A Binding Financial Agreement (‘BFA’) is an agreement which is made under certain provisions of the Family Law Act (‘the Act’). BFA’s differ from Court Orders or Consent Orders because, if strict requirements are met, they allow parties to agree to arrangements for the division of their property and superannuation, and/or for payment of spousal maintenance, that differs from the Act.
Binding Financial Agreements can be made at the beginning of a marriage or de facto relationship, during the relationship, or after separation. When made at the beginning of a relationship, they are sometimes called "Pre-nuptial" agreements.
What are the benefits of a Binding Financial Agreement?
These agreements are generally more flexible than seeking Consent Orders through the court. In theory, these agreements may contain arrangements which a court would not allow if they were included in proposed Consent Orders.
Consent Orders are reviewed by the court and assessed to ensure they are 'just and equitable' for both parties. Parties may want an agreement that they both agree is 'just and equitable' but the court may not see it as 'just and equitable'.
This would be a good time to consider a BFA as an alternative. An example might be that the agreement specifically excludes a party sharing some of the benefits that the spouse receives during the relationship such as an inheritance.
Are there disadvantages in using Financial Agreements?
Using a BFA can carry risk.
That is because, unless the formal requirements of the agreement as required under the Family Law Act are met, then it may not end up being binding, or it may be vulnerable to being set aside by a court at a later date.
Great care needs to be taken when preparing, reviewing and signing these types of agreements. Both parties need independent advice from a lawyer about certain matters before the agreement is signed. Parties to a Binding Financial Agreement cannot use the same lawyer.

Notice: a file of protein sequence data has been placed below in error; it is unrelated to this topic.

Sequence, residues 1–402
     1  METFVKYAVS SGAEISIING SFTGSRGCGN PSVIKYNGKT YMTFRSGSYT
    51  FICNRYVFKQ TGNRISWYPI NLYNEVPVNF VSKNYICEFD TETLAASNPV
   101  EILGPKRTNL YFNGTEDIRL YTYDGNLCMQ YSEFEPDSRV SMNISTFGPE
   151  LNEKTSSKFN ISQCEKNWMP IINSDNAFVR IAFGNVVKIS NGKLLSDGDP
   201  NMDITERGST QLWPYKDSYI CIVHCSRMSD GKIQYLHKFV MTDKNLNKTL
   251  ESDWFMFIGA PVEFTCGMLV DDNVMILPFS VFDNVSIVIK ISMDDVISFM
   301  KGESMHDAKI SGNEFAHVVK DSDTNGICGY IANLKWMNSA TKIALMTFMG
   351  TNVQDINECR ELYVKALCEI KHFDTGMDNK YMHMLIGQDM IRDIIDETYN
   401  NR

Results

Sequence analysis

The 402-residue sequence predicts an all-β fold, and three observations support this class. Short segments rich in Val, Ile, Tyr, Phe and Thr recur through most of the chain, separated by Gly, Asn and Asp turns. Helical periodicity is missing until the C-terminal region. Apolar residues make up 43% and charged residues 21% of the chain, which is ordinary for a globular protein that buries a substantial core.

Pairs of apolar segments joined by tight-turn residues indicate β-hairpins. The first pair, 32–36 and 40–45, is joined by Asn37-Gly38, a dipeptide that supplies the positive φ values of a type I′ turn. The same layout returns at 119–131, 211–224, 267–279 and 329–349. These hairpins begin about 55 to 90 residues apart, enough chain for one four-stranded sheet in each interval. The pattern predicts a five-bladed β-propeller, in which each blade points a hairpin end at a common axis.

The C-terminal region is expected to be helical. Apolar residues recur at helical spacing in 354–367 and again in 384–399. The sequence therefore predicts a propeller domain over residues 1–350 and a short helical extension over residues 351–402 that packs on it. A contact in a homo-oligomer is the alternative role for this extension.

What can cause a Binding Financial Agreement to be unenforceable?
There is a range of issues that can make a BFA unenforceable.
The common one is the failure of one of the parties to fully disclose their assets and the relevant values of the assets. Another common issue is where one party is more dominant than the other leading to an agreement which is demonstrably unfair and unbalanced.
There have also been cases where the court has set aside a BFA because there has been a substantial change of circumstances, such as where a party contracts a life-threatening illness or the birth of a child after the signing of the agreement. Or a BFA might be set aside as a result of undue influence during negotiations.
Generally, if the parties were not provided with sufficient legal advice before signing the agreement, the agreement will also fail to be enforceable.
Why have a Binding Financial Agreement instead of Consent Orders?
Unlike Court Orders, which are reviewed by a court before the orders are made (even though the parties have agreed to the orders), a BFA is a private agreement which is not reviewed nor approved by the court.
Parties can, therefore, agree on financial settlements, maintenance and superannuation in the way they prefer, rather than as prescribed by their entitlements under the Act.
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